The Materials & The Calm Work
20/01/10 15:45 Filed under: New Music
How and when do you know when something you have created is finished? Is it when someone else, a stranger perhaps, is impressed by it? Is it when the client who asked you to make it is satisfied? The problem lies in the fact that anything you make could be improved upon, it can send you mind around the bend as you analyse all the details trying to make your ideas ‘economical’, trying to be ‘clever’ about things, all the while attempting to follow your instincts and not over-think things, even though that is exactly what you’re doing...
This is what its like to work in a vacuum. When there’s no client or boss to tell you the job is done, when the only goal is to effectively express yourself, when there are no limitations to guide you. I need to get better at this.
Anyway, enough of that. I have finished the short little LCO piece, and have just now sent this demo off. It is in the hands of fate whether it gets picked for performance in March - they may not like it for many reasons, but I feel satisfied that I have responded to the brief in my *own* way, aside from the desire to spend the rest of eternity polishing it up and fixing little details, I think it’s more or less there. The only thing I’m not happy about is the instrumentation (chamber orchestra) and the fact that technology is forbidden (I mean, really?). It was inspired by “the Frame House” - a home design and built by architect Marcus Lee (it was featured on Channel 4’s Grand Designs program, to give you an idea of what I’m talking about). The brief was to compose a short piece for chamber ensemble that is inspired by architecture - either the Frame House or another building, the “Hot House” (designed by Cany Ash). Here’s the programme notes I sent along with the scores:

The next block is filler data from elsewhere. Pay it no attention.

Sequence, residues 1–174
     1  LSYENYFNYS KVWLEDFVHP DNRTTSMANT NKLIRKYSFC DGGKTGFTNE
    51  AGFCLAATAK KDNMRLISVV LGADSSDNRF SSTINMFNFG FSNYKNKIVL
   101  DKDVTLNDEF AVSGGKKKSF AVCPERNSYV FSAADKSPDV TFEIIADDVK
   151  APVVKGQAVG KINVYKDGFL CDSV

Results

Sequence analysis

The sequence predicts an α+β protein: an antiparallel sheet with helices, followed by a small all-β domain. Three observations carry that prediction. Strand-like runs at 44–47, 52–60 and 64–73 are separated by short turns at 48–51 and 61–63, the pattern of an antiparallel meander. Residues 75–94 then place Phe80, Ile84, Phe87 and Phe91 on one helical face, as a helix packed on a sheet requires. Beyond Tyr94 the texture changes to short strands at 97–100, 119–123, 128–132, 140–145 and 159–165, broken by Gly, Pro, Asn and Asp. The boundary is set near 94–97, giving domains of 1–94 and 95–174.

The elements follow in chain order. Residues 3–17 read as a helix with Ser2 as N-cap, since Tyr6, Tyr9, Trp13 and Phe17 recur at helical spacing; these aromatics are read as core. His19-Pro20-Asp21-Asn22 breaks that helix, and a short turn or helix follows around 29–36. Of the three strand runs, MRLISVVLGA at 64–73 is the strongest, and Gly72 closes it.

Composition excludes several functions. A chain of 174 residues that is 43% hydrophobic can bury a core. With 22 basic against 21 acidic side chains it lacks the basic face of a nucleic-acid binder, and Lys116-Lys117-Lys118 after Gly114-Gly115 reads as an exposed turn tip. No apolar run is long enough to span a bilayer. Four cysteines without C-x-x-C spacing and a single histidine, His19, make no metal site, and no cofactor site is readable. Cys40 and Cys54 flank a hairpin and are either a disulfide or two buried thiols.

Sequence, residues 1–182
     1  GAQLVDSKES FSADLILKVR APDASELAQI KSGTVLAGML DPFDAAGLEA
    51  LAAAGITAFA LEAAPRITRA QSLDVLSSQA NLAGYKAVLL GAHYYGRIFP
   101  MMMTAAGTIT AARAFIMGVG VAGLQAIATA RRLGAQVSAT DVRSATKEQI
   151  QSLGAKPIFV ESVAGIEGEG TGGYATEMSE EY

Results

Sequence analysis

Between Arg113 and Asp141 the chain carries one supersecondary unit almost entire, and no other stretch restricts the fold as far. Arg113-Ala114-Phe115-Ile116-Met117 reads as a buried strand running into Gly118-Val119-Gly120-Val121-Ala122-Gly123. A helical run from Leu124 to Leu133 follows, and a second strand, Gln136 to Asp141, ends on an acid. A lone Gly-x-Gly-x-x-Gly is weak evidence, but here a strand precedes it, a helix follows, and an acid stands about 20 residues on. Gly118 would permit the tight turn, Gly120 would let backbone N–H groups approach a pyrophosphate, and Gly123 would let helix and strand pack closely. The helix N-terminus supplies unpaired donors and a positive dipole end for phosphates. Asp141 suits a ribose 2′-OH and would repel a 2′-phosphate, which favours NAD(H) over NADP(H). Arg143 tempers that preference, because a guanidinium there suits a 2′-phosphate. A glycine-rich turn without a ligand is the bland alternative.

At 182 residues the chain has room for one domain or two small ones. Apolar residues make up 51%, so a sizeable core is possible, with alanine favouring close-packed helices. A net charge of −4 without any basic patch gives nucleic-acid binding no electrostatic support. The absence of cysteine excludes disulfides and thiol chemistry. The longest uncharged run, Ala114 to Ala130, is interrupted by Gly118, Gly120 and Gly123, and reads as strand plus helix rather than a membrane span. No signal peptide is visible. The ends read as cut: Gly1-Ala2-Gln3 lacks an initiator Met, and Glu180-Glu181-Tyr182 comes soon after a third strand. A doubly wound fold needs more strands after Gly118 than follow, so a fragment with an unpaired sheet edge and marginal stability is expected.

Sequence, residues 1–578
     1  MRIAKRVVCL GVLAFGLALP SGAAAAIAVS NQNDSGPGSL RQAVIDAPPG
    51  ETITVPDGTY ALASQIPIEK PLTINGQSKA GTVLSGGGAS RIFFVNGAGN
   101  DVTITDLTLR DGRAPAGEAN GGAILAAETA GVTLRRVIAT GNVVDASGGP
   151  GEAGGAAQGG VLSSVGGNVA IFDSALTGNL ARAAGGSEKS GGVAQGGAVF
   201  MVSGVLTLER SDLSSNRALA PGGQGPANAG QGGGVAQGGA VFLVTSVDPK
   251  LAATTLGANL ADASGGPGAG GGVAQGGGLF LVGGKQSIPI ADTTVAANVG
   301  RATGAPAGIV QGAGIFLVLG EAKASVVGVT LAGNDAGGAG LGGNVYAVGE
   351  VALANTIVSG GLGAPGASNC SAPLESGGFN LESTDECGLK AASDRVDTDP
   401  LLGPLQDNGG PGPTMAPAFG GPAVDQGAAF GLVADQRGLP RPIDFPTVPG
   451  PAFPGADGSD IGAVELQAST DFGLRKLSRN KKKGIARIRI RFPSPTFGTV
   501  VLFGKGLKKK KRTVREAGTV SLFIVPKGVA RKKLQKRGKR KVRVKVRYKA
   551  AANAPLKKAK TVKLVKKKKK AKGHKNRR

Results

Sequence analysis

“The Siberian cedar frames hold the building together. These large wooden squares wrap around the rooms like an embrace, performing both a structural and aesthetic function that is visible and repeated throughout. The building possesses an ambience that feels natural and honest. The timber itself has a certain colour and texture that works in concert with the architectural design allowing the spaces inside to feel warm and expansive, adding character in addition to function and simplicity, a continuous theme.
My piece starts with the raw materials, working with them and perhaps even bending them slightly to construct frames around spaces, floors and rooms. The spaces have different functions and house varying levels of activity, yet they are all made of the same stuff and share the same very simplistic design.”
UPDATE - it wasn’t selected, but I’m cool with it because I think this piece would have a better life with a smaller, plugged in ensemble, like I originally intended.